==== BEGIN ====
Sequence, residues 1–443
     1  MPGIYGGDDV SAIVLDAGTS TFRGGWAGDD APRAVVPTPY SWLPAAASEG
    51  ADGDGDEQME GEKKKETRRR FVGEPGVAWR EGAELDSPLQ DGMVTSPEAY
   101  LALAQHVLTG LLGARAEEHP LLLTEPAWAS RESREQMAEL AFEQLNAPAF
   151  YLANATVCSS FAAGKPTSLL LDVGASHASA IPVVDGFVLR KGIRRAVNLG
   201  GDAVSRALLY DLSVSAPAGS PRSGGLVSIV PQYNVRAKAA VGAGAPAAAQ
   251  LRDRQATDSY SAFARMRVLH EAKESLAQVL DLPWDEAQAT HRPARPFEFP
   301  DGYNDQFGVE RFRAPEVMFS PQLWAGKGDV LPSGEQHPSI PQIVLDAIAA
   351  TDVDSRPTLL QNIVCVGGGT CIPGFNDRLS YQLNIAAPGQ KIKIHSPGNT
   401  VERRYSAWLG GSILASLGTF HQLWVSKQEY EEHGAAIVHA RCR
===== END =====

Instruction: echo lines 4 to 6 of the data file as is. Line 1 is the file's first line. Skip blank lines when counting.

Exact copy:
   101  LALAQHVLTG LLGARAEEHP LLLTEPAWAS RESREQMAEL AFEQLNAPAF
   151  YLANATVCSS FAAGKPTSLL LDVGASHASA IPVVDGFVLR KGIRRAVNLG
   201  GDAVSRALLY DLSVSAPAGS PRSGGLVSIV PQYNVRAKAA VGAGAPAAAQ